Tags: Alzheimer's/Dementia | Alzheimers disease | medical tests | smell | brain health

Loss of Smell May Flag Early Alzheimer's

Loss of Smell May Flag Early Alzheimer's
(Copyright DPC)

By    |   Monday, 16 November 2015 02:41 PM

Some doctors who treat Medicare patients have informally used what they call the “Peanut Butter Test” to gauge a person’s potential Alzheimer’s risk; those who can’t detect the strong aroma of Skippy or Jif are more likely to have early dementia.

Now, they have the backing of scientific research for their observations. Mayo Clinic researchers have determined a decreased sense of smell does indeed appear to be linked to the onset of Alzheimer's, according to an article published in JAMA Neurology.

Autopsy studies have linked a loss of ability to identify odors with the plaques and tangles in regions of the brain tied to memory loss and dementia, Medical News Today reports

Knowing this can help doctors identify patients at risk a speed drug treatments, which are most successful when used early on to delay the ravages of Alzheimer’s

Lead researcher Rosebud Roberts assessed the sense of smell of 1,430 cognitively normal individuals, with an average age of 79.5 years, between 2004 and 2010, then tracked them through 2014.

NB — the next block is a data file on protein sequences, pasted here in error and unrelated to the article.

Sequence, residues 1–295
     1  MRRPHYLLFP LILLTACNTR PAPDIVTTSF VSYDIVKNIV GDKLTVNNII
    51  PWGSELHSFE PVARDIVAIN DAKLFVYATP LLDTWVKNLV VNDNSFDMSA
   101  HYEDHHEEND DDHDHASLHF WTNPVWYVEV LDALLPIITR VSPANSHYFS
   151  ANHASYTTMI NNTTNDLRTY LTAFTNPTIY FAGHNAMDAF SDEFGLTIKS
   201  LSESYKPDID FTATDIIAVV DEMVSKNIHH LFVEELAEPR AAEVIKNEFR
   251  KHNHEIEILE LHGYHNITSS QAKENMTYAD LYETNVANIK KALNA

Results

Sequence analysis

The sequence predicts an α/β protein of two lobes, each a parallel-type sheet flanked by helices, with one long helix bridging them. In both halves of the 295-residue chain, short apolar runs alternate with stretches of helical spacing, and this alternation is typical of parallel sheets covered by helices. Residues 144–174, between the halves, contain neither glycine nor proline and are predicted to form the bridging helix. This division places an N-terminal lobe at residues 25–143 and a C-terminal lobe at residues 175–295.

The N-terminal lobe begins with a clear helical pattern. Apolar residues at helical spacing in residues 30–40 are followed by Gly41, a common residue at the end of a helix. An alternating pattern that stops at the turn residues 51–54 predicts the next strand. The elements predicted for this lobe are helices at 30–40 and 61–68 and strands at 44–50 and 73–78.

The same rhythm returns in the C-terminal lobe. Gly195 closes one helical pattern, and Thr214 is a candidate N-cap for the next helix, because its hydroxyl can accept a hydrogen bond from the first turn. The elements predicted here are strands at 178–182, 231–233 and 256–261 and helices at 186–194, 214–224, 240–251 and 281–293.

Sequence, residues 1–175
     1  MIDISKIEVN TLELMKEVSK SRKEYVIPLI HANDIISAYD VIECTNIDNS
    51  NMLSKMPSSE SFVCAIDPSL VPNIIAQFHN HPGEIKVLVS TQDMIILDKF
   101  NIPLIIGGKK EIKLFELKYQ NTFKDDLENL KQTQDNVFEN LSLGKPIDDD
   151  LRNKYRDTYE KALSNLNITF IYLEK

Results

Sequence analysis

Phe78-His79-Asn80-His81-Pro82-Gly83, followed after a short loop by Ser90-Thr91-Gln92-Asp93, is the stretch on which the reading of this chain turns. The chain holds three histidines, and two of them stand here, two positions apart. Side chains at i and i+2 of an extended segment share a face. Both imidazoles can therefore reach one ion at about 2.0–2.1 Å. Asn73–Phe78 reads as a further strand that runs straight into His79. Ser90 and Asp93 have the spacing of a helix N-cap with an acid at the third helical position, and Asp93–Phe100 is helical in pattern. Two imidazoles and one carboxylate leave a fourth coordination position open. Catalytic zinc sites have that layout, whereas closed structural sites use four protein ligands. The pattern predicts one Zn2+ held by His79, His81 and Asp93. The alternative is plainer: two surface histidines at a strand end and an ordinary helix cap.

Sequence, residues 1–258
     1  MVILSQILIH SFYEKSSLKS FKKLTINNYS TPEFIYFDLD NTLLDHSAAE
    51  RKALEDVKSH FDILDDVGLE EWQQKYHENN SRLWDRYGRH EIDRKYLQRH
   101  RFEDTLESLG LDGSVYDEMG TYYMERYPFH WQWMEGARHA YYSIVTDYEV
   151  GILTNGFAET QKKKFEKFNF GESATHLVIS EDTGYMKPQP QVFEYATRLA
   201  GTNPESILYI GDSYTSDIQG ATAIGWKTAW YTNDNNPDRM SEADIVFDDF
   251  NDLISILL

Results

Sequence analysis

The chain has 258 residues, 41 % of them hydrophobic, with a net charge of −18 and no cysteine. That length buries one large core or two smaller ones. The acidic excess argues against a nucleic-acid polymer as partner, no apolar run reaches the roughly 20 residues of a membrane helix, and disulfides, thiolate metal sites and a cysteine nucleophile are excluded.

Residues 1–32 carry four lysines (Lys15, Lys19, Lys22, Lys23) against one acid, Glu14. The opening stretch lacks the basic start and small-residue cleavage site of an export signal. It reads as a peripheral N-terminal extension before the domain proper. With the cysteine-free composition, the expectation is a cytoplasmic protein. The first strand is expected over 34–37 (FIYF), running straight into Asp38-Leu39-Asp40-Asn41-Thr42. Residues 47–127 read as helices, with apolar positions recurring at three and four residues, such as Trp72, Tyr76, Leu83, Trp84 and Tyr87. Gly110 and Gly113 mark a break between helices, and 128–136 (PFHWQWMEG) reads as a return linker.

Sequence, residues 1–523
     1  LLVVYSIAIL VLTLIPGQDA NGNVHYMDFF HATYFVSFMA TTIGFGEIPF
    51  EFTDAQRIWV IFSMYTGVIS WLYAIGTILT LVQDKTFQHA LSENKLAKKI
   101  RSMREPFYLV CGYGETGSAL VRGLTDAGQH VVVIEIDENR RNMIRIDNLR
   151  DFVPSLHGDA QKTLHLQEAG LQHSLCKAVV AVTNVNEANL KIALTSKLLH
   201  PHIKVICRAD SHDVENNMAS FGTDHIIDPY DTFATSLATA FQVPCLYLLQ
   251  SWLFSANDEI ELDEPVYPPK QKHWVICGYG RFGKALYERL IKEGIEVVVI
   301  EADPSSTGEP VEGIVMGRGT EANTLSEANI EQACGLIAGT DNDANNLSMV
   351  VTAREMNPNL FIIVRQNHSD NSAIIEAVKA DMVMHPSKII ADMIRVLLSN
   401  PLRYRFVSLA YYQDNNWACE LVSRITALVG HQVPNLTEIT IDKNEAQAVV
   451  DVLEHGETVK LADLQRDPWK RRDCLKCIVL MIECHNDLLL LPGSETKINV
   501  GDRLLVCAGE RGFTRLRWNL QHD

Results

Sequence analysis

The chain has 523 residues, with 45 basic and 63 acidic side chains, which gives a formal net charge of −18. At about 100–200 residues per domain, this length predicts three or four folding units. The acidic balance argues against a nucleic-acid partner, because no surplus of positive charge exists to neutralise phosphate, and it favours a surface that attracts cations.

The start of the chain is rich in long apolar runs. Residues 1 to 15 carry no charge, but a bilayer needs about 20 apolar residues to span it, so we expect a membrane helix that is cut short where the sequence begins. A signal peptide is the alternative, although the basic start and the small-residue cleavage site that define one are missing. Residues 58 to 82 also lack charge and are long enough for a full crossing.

Patients in the study were asked to identify six food-related and six non-food-related smells (banana, chocolate, cinnamon, gasoline, lemon, onion, paint thinner, pineapple, rose, soap, smoke and turpentine).

By the end of the study, 250 of the patients were diagnosed with mild cognitive impairment, a precursor to Alzheimer’s. Roberts’ team found a clear association between a decreasing ability to identify smells and an increased risk for MCI.

"Clinical implications of our findings are that odor identification tests may have use for early detection of persons at risk of cognitive outcomes," the researchers concluded.

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Some doctors who treat Medicare patients have informally used what they call the "Peanut Butter Test"to learn whether they are more likely to have early signs of dementia.
Alzheimers disease, medical tests, smell, brain health
263
2015-41-16
Monday, 16 November 2015 02:41 PM
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